Battles Ahead and the Big Unknown
von Erhard GollerExcitement about new Short Track Format on Friday
The Mercedes-Benz UCI Mountain Bike World Cup in Albstadt promises a great sporting weekend. The Short Track race on Friday could change a lot. World Champion, Nino Schurter, is among those excited to see what the weekend brings in the venue’s classic “Bullentäle”. Schurter’s long-time competitor Julien Absalon declared his immediate retirement on Monday, but there are others who are hoping to prevent a third Schurter victory in Albstadt. In the Women’s field there are a number of star riders who could shine, just as last season showed us.
Nine weeks have passed since the season start in Stellenbosch so the cards may have been reshuffled. The course in Albstadt has significantly different characteristics compared to South Africa but, nevertheless, Nino Schurter (Sui) still tops the list of favourites. As he impressively proved last year when he won all six World Cup races, he can do everything.
Schurter himself recognizes Mathieu van der Poel (Ned) as a big threat to his domination. The cyclo-cross star finished second in Albstadt in 2017 and comes off the back of winning all three stages of La Rioja Bike Race in Spain over the weekend.
Stellenbosch winner, Sam Gaze (Nzl), may not be perfectly suited for the Bullental Course, but in 2016 he won the U23 race here in front of strong climbers such as Titouan Carod (Fra). And if he succeeds in winning the short track (see below), then this could give a further boost in motivation, just as Schurter forecast in his earlier interview.
"Max is on fire," says Manuel Fumic about his Cannondale teammate Maxime Marotte. The Frenchman was narrowly beaten into third in Stellenbosch and he also has on his agenda: "A World Cup victory".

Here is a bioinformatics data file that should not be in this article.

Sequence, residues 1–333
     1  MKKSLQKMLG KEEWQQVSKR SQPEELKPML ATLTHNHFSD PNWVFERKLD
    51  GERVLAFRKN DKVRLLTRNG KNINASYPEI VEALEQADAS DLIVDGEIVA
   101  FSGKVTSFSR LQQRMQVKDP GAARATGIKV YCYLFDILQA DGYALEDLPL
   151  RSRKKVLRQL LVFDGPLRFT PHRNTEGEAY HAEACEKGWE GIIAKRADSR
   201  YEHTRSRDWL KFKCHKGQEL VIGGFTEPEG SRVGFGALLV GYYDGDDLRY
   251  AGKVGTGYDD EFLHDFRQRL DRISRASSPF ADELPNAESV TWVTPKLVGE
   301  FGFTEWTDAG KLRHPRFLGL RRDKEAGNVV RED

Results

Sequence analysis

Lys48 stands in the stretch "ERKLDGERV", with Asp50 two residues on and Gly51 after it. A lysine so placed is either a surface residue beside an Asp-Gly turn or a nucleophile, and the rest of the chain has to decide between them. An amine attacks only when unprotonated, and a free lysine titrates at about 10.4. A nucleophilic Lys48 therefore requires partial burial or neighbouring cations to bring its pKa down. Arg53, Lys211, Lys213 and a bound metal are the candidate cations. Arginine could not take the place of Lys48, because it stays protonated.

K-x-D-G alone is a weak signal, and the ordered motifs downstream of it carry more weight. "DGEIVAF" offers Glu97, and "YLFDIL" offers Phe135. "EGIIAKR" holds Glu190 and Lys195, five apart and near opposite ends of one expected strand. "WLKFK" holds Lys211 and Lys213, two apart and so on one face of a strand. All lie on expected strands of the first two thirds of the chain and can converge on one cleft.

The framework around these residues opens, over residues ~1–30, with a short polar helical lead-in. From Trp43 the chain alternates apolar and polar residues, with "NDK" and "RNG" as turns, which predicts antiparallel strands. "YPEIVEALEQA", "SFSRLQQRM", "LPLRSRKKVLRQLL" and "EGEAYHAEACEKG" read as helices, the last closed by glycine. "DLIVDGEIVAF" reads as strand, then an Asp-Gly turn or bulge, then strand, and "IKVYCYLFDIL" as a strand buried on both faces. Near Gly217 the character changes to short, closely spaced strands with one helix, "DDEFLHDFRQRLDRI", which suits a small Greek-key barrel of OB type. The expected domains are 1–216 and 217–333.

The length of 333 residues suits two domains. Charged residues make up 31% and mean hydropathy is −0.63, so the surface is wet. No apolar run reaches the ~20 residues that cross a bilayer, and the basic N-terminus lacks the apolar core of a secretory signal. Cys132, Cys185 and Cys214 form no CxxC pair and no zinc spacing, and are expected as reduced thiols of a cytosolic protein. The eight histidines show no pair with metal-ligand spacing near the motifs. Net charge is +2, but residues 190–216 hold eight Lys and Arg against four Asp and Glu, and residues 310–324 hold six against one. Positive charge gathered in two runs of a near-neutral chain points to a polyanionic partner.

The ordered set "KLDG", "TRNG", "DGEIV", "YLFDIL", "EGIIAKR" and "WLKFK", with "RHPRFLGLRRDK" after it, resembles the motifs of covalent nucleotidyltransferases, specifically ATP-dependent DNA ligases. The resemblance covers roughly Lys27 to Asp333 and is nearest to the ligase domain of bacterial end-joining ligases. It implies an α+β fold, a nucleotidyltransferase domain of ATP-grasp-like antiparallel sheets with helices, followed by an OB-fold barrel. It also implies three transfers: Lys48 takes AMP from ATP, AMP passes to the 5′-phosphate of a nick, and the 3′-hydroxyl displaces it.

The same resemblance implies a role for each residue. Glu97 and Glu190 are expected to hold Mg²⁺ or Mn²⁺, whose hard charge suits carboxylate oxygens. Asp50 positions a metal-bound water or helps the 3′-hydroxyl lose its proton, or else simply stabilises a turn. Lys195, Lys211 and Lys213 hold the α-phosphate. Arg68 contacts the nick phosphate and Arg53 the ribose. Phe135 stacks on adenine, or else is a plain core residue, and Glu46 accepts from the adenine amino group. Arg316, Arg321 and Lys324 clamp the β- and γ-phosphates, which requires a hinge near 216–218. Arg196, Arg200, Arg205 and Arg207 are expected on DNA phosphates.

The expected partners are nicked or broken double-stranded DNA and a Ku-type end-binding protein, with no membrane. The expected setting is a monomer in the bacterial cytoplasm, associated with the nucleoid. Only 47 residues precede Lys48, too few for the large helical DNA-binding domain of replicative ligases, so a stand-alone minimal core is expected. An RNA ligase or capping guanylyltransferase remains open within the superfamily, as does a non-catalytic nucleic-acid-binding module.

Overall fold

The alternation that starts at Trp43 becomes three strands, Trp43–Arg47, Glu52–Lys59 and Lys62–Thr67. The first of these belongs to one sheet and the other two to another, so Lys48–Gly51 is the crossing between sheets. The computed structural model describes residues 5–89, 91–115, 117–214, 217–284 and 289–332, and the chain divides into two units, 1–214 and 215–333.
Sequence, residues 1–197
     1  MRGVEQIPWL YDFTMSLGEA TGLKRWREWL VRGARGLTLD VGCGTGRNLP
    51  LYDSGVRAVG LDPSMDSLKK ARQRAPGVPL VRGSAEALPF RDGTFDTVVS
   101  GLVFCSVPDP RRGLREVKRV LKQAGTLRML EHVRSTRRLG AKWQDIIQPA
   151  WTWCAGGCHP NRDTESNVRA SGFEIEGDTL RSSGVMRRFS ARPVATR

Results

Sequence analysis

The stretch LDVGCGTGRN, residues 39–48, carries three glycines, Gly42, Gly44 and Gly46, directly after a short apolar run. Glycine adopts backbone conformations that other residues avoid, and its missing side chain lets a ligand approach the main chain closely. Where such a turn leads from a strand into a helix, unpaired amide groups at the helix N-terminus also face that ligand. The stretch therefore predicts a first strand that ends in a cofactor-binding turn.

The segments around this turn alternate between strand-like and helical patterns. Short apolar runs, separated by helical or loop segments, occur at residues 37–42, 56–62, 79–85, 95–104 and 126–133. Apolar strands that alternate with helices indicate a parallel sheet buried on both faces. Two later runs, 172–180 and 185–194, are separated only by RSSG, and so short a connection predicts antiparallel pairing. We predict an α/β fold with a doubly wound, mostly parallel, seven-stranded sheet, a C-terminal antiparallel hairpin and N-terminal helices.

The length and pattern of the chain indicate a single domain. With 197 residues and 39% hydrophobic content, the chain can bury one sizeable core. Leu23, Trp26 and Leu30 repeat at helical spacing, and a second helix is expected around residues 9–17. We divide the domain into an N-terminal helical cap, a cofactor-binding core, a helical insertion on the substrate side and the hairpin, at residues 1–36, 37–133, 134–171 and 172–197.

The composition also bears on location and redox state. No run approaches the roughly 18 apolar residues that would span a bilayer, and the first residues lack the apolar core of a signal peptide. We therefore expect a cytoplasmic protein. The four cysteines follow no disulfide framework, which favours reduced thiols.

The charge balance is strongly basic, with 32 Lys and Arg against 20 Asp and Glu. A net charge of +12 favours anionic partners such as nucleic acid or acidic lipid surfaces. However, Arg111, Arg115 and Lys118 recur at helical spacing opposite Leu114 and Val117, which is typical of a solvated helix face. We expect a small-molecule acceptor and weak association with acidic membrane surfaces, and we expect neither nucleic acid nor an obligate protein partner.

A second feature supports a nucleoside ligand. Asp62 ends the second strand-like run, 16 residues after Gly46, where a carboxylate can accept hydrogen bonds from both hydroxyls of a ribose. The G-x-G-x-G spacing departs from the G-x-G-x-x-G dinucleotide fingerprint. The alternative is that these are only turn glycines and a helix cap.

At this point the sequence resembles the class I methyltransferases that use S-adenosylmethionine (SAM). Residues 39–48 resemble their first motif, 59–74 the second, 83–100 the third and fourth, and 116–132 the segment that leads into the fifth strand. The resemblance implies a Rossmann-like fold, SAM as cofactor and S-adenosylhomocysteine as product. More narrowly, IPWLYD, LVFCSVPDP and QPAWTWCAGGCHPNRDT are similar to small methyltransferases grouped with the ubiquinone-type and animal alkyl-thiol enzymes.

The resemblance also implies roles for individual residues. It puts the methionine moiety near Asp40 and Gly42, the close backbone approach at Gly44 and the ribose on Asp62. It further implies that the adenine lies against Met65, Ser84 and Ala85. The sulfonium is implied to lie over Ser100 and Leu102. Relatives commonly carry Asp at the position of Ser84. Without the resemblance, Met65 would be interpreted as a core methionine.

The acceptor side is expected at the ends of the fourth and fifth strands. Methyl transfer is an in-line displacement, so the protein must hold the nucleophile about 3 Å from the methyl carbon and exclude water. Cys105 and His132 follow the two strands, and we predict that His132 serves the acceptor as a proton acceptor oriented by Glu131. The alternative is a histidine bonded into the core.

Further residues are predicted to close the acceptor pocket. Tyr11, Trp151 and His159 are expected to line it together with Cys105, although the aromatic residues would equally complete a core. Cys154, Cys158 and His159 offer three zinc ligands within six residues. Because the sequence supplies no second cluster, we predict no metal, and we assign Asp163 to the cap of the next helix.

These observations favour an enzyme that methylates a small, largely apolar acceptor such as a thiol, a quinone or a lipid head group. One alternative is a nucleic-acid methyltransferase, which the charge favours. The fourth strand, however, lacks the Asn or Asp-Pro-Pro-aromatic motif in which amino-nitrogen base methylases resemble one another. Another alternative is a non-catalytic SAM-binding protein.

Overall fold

Swissman, Mathias Flückiger, catapulted himself out of the race for possible Albstadt victory last year with a spectacular crash. However, he recently defeated Nino Schurter in Solothurn and commented afterwards that, "There was not much missing”.
If you stretch the search for favourites to podium candidates, then Anton Cooper (Nzl) comes into play. "It's getting better day by day," says 2017’s third place finisher. The aforementioned Titouan Carod (Fra), as well as Florian Vogel (Sui), should also be ones to watch. Henrique Avancini (Bra) could be ready for his first World Cup podium if he can handle the jetlag well, or maybe France’s Jordan Sarrou is ready to step into Julien Absalon’s shoes.
Absalon (Fra) announced on Monday his immediate retirement which leaves a big hole in the field. The reason is a pollen allergy which has worsened so much this spring that he decided to call it quits.
"Julien is a great champion, I already miss him in the race,” said Schurter, with whom he has had many famous duels over the last years. However, Absalon will appear on-site as team principal of his own small team, Absolute Absalon, and as boyfriend and supporter to Pauline Ferrand-Prevot.
Manuel Fumic also reflected on Absalon’s career: "I would have wished him a better finish, but he will not be completely lost to the sport. Julien has so much passion for the sport and was for many years the man who was almost unbeatable "
Of his preparation (with the injured finger) and his own chances, Fumic says: "The training was great, but if I get into the top ten or even top eight, then I would be happy.”
He looks forward to the home crowd and good weather. "Albstadt has more than earned that!"
Women: A Quartet of Albstadt Winners
Those who line up in the white World Cup leader’s jersey are automatically among the favourites. With her win in Stellenbosch, Annika Langvad, has the target on her back.
Last weekend, the reigning Marathon World Champion also became Danish Champion in this discipline. Finishing only ten minutes slower then the Master Men’s winner gave her confirmation that her shape is good.